Yet Moldova already hosts a latent military struggle. After a deadly war in the early 90s, the pro-Russian region of Transnistria declared independence. However to this day, no United Nation member state has recognised it. Russia deployed around 1,400 troops in that area and even established a consulate there. In response to the Moldovan request for European Union membership, the region renewed its plea for international recognition.

Moldova’s Separatist tensions

To understand the situation a little better, I travelled to the artificial border with Transnistria. I attempted to bring our cameras inside the separatist territory, unsuccessfully. Instead, I called a Russian IT engineer who lives in Tiraspol, the capital of the region.

“The atmosphere is not very bad. However, people do not know whom to support. They do not understand who is right and who is wrong. You know, in Pridnestrovia, (as the region is locally known), there are many Russian pensioners, and they get some money from Russia. This is the most problematic group of people. They are under stress,” says my contact, who prefers to remain anonymous.

He tells me that since the Russian invasion, he has lost half of his salary. I ask him if people in Transnistria are worried about their future.

“People worry about their careers, about daily life. But when we have a war so close to our borders, worries increase”, he replies. “People in Europe must understand that Transnistria is not an aggressor, Pridnestrovia is not aggressive. It is not any side. Pridnestrovia is always for peace.”

Transnistria is not the only place trying to soothe tensions. I next headed southeast to another sensitive region, just 35 kilometres away from the border with Ukraine.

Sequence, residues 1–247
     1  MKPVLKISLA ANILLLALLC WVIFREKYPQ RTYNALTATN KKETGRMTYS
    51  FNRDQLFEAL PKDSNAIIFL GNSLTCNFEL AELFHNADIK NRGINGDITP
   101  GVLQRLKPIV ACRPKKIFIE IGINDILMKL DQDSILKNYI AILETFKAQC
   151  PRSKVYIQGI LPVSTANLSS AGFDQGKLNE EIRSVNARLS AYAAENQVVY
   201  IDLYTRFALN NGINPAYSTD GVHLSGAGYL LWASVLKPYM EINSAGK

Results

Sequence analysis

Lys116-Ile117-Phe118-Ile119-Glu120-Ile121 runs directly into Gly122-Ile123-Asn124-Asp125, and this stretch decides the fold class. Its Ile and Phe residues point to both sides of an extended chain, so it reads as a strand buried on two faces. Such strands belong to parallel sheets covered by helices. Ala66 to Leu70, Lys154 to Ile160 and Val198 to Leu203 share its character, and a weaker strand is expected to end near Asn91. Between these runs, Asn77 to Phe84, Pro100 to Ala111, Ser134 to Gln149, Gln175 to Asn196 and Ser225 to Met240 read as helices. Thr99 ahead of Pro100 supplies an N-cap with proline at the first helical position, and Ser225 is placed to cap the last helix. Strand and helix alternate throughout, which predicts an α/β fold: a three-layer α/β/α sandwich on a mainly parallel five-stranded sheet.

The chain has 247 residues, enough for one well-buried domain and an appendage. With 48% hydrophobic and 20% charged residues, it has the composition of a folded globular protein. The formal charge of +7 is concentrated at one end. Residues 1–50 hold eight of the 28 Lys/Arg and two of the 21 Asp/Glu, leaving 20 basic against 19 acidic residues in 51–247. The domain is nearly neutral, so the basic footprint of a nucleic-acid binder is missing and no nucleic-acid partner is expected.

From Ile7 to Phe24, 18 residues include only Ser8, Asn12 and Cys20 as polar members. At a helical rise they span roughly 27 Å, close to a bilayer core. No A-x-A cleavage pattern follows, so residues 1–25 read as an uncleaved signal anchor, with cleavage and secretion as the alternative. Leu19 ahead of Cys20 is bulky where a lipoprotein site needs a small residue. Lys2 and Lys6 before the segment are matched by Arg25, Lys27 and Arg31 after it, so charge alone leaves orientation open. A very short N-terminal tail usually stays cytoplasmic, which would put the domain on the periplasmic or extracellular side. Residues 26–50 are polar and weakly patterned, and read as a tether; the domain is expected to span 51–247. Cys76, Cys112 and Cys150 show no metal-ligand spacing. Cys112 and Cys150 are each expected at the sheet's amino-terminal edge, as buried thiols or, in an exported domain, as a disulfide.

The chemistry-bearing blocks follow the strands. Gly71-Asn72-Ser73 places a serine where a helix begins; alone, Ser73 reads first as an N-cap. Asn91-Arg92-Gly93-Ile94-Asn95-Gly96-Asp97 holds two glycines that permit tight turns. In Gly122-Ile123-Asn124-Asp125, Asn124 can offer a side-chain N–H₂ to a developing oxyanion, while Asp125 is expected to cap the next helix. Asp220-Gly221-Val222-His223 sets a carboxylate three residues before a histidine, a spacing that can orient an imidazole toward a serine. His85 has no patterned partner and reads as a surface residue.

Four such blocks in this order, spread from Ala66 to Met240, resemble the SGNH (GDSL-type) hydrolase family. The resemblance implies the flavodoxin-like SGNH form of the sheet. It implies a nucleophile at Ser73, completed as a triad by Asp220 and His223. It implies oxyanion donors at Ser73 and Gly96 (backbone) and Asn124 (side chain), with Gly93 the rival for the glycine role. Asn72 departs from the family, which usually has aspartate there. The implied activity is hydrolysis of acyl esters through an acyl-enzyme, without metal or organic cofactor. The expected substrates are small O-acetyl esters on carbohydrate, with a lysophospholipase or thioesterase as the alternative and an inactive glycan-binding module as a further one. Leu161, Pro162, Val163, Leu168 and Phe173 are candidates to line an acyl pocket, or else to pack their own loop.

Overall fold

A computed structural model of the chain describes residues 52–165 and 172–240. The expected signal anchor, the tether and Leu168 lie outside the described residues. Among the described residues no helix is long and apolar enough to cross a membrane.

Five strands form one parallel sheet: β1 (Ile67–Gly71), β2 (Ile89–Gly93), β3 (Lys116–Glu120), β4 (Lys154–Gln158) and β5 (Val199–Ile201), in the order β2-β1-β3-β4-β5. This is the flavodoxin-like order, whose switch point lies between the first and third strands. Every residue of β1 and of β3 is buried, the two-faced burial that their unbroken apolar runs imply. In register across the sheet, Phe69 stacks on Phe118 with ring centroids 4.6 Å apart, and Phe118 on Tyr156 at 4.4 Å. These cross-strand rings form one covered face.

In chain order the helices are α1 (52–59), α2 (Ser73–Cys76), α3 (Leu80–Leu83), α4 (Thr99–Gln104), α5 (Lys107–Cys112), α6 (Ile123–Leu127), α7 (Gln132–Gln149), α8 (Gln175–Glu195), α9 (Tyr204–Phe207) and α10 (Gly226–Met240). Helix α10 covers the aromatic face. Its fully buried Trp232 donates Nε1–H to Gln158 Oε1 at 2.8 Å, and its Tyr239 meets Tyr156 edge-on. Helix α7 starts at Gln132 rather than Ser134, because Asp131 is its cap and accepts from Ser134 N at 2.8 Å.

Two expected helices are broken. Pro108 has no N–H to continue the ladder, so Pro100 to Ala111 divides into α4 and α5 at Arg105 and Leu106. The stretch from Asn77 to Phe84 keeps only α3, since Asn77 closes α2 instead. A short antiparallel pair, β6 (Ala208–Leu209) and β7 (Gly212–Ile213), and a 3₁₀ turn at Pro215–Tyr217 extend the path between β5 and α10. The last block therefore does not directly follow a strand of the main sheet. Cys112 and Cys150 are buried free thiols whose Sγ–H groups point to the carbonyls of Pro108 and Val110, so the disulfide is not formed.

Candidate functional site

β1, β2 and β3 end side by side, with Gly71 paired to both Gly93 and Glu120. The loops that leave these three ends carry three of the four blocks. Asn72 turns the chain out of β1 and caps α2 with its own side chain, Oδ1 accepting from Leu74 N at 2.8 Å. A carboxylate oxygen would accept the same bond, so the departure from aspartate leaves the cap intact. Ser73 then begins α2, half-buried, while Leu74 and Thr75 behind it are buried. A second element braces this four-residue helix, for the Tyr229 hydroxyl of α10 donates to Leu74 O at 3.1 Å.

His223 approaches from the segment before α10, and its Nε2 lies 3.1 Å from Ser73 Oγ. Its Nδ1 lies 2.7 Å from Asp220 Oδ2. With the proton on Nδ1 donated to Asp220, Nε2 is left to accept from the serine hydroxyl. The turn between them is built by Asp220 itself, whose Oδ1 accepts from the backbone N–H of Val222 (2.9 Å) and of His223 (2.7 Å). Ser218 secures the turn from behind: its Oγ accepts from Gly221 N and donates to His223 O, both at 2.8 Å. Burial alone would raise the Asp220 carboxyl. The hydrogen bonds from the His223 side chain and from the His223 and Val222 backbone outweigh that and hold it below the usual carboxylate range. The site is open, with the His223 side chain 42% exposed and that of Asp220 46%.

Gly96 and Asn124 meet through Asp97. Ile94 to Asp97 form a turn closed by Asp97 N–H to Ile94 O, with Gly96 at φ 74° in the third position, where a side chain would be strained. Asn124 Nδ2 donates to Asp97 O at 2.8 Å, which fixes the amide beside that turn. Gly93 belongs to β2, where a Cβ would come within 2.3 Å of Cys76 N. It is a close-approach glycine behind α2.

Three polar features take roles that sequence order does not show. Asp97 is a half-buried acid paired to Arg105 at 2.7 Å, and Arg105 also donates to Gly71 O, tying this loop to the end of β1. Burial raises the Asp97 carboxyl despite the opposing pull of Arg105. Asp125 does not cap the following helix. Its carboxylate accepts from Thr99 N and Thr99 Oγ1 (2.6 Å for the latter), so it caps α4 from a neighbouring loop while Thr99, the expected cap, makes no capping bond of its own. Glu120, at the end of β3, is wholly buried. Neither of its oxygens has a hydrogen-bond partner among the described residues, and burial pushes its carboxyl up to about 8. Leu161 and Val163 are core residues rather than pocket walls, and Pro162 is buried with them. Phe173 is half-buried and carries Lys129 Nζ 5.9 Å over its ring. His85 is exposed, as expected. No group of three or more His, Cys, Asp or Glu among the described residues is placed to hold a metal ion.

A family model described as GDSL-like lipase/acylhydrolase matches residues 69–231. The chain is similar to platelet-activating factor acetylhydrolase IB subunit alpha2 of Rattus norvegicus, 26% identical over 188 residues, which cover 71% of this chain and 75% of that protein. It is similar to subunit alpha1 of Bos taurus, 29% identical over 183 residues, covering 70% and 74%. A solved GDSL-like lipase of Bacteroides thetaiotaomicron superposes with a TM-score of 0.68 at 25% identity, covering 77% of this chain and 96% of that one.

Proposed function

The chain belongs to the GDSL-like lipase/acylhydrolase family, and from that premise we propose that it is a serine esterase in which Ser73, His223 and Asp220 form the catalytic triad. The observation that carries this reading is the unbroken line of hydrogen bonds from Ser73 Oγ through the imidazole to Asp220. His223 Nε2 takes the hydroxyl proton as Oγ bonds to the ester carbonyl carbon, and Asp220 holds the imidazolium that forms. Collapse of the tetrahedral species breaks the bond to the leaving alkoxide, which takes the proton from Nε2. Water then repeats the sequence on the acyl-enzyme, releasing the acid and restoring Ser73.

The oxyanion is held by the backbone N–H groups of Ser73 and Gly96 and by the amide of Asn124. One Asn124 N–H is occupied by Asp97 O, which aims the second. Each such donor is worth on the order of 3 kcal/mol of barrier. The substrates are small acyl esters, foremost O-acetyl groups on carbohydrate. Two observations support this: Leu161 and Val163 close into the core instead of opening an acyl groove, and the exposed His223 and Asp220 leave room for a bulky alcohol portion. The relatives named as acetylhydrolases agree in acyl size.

Gagauzia is an autonomous territory with very close socio-political and cultural ties with Russia. In a referendum eight years ago, an overwhelming majority of local voters opted for even closer relations with the Russian Federation over EU integration.

However, these days, local authorities prefer to make themselves discreet on the subject of the war in Ukraine. At least, that was the impression I got after listening to Gheorghii Leiciu, Deputy Speaker at the National People’s Assembly of Gagauzia.

An Uncertain Future for Moldova

Although politically appeased, Moldova faces enormous social and economic turmoil. The neighbouring war has further weakened an economy that is still reeling from the pandemic and the energy crisis. Almost completely dependent on Russian energy, the country suffers from high inflation, stagnation and disrupted supply chains.

Adding to the list of challenges, Moldova’s population has increased by almost 4 percent, as hundreds of thousands of Ukraine refugees have sought safety within its borders. Moldovans have made huge efforts to help them.

As part of my report, I visited the largest shelter in the country. It used to serve as a COVID-19 hospital during the peak of the pandemic. On the day I visited, there were 600 mothers and children staying there.

Living relatively close to the shelter, the Maxemchuk family told me they were also actively involved in various aid programmes for refugees. Despite the dire geopolitical situation, they have decided to stay…for now.

“Whatever direction things will go, I think the power, the strength and the big hearts of the people are going to win. They have to win.” Aliona concludes, as she walked away with her husband, her four children and their black Labrador.